Pace of recovery is “generally surprising”, particularly among advanced markets with high vaccination rates

With vaccination campaigns ongoing, trade credit insurer Atradius’s Economic Outlook forecasts a 2021 growth rate of 6.2%, higher than was expected six months ago.

As most economies have not fully reopened yet, fiscal support is often partially extended in 2021, while monetary support also remains loose, despite rising inflationary pressures. 

While the economic cost of the pandemic will likely be felt at some point, the pace of the recovery is generally surprising to the upside, certainly among advanced markets with high vaccination rates.

Atradius economists forecast advanced economies will grow 5.8% in 2021, more than making up for the cumulative drop in GDP in 2020. Some of the uncertainty that hung over the market last year has disappeared.

The outlook for the United Kingdom is also substantially brighter than it was at the beginning of 2020. Consumers are driving the recovery in the UK, with strong growth in the hospitality sectors, despite trade growth with the EU falling behind on Brexit and pandemic uncertainties.

Covid-19 infections are rising again in a number of major advanced markets due to the more transmissible Delta variant. However, the health crisis is less acute than it was in 2020, as vaccination programmes are preventing higher hospitalisation rates.

The Delta variant is a larger threat for emerging markets with lower vaccination rates. Emerging markets in Asia had the pandemic relatively well under control, until the Delta variant started to spread in recent months. They have to prevent infections from spreading further, but Atradius reports growth prospects for the region remain relatively strong.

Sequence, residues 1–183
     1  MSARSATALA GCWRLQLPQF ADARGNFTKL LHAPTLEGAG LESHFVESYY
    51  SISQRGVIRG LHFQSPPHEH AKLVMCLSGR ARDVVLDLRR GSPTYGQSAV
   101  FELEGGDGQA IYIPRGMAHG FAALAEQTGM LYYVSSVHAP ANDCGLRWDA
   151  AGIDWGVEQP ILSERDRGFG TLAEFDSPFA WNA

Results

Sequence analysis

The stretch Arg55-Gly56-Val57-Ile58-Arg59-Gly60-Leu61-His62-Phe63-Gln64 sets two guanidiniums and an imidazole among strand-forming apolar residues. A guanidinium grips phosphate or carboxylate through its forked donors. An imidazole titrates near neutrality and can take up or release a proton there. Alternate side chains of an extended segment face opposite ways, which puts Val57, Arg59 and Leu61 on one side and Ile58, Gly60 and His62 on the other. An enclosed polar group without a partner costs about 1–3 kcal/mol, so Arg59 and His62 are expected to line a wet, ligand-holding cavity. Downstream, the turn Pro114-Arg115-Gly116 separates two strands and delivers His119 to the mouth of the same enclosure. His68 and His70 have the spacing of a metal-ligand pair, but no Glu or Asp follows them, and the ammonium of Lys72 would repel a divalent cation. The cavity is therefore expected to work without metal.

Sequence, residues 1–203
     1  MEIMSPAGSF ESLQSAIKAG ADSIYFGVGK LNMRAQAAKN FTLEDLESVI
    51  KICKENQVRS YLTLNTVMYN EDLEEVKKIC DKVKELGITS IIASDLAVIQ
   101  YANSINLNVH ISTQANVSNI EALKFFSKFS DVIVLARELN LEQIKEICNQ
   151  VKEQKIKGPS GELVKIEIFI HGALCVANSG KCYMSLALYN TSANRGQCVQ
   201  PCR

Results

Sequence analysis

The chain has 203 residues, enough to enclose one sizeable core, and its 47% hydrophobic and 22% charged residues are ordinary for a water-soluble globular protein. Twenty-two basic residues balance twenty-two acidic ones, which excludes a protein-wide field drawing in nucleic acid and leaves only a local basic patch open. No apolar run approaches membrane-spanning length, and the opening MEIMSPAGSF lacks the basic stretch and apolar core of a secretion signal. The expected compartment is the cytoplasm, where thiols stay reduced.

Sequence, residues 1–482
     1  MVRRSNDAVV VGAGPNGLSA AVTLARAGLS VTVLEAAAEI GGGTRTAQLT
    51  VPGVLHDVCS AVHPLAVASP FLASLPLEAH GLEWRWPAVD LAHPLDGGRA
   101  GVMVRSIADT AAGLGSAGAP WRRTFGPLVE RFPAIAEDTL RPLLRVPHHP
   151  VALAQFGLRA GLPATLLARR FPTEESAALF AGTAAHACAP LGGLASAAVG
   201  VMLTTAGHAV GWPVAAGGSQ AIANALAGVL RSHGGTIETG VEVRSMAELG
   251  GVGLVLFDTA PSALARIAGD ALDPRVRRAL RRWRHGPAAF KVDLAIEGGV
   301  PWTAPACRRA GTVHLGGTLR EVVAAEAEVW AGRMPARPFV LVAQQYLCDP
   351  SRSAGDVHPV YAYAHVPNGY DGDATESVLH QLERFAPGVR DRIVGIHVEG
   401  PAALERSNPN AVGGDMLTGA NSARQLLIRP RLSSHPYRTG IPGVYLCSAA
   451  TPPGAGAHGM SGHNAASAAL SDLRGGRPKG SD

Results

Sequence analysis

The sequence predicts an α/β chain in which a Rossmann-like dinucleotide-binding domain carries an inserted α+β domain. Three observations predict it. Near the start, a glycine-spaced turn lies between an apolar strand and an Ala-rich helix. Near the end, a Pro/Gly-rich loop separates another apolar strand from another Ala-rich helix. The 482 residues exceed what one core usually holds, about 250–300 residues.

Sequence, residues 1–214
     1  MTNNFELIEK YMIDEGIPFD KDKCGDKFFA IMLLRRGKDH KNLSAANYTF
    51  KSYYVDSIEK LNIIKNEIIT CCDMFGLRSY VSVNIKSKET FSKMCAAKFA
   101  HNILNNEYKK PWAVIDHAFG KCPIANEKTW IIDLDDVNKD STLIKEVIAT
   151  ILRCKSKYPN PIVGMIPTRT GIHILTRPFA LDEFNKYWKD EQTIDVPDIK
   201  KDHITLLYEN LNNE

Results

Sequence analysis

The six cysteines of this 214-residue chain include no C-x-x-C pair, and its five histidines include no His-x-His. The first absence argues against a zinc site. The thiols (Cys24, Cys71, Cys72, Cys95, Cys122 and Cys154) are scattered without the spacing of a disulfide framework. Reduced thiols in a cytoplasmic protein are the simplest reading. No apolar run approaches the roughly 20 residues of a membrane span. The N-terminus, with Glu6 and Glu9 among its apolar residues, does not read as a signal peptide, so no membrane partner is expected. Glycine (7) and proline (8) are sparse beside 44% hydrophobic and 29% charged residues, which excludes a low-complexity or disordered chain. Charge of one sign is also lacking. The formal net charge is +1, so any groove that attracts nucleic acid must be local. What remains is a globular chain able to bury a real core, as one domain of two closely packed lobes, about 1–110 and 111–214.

Latin America has among the highest infection rates in the world, but benefits from looser restrictions and a robust US recovery.

New variants may threaten recovery

The current forecasts from Atradius assume governments will maintain their grips on the pandemic and will be able to effectively contain new surges of the virus alongside continued vaccine rollouts, unhampered by supply constraints.

However, if vaccines are less effective against new virus variants like Delta than expected, governments may have to re-impose restrictions later this year. This creates a downside risk to positive forecasts and would reduce consumption opportunities and drag on GDP growth in 2021 and 2022.

John Lorié, chief economist of Atradius commented: “It will be a challenge for governments and central banks to navigate a path out of the pandemic. The recovery prospects look good amid rising consumer demand and fiscal stimulus, but rising inflation indicates there are supply-side issues that need to be overcome.

”While we expect inflation to revert back to normal levels in 2022, high inflation remains a downside risk, especially if it triggers a forced tightening of monetary policy that would hamper the recovery.”